Bethany Bruner, News Editor

Does Jim Tressel deserve to remain the head football coach at the Ohio State University (OSU)? That’s the multi-million dollar question hanging over Columbus and Ohio Stadium and the dark cloud doesn’t look like it’s headed anywhere in the near future.

Facing NCAA sanctions and a potential firing, Tressel’s good boy image has been damaged beyond immediate repair.

But what does Tressel deserve, and what punishment will he ultimately receive? In my opinion, he should be fired and banned from coaching for several years. Tressel not only failed to report NCAA violations to his superiors at OSU and the NCAA, but he also made the foolish mistake of contacting one of the involved players’ mentor and an agent with the FBI instead. If you’ve got a player who broke the rules, forget your boss or the people in charge, go straight to the FBI.

While Tressel is one of the most visible coaches in college football, the situation involving his coaching status begs a question of Miami University athletics: what would happen if a coach at Miami were to make the same mistakes?

I would hope Miami would act swiftly and decisively to terminate the coach as an employee, regardless of coaching success or tenure. However, the temptation would be to give a successful coach a slap on the wrist so his or her team continues to win. Wins generate revenue that much is clear. And far too often, the dollar signs become more important than the truth.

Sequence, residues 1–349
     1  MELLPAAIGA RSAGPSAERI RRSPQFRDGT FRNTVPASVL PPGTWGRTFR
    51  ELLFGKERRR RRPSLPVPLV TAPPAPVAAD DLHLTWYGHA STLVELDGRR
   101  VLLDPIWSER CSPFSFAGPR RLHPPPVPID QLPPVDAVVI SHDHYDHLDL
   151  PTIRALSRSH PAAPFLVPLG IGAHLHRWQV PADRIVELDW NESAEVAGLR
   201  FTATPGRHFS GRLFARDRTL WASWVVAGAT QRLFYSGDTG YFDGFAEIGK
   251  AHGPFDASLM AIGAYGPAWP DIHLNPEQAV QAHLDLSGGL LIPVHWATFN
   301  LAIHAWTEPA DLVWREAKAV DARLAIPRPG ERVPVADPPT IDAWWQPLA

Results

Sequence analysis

There is a school of thought that coaches like Tressel, who take the fall for their university, program and players, who are the perfect coaches for college football and athletics in general. But is that really what high-profile athletic programs or small-time programs looking to build a strong reputation for the purposes of recruitment, fan base and alumni engagement should strive for? I should hope not.

Programs shouldn’t be looking for the coach who is the best at covering up scandals or the most willing to lay down in front of the tank that is the NCAA and their comprehensive bylaws. Programs should be looking for the coach who will produce the desired results in a manner that upholds the values of their university. If Ohio State wants to support a culture of dishonesty and “it’s not cheating if you don’t get caught” then fine. The Buckeyes have a large enough fan base that the people who will stop rooting for them will be a mere drop in the bucket.

The problem is too many schools are choosing to go down the Tressel path when it comes to their athletic programs. Cover-ups and the discovery of cover-up schemes are becoming more and more frequent. I don’t think more schools are changing their mission statements to say things like “it’s not cheating if we don’t know about it” or “wins are the most important thing to us” but clearly something has changed in the culture of college sports.

Miami’s mission statement includes nothing about winning and neither does the university’s values statement. I checked. I sincerely hope that Miami’s athletics department will never succumb to the hypnotic quality wins and dollar signs can have when it comes to coaches and athletes. After all, if you lie, cheat or steal when no one is looking, you still did it.

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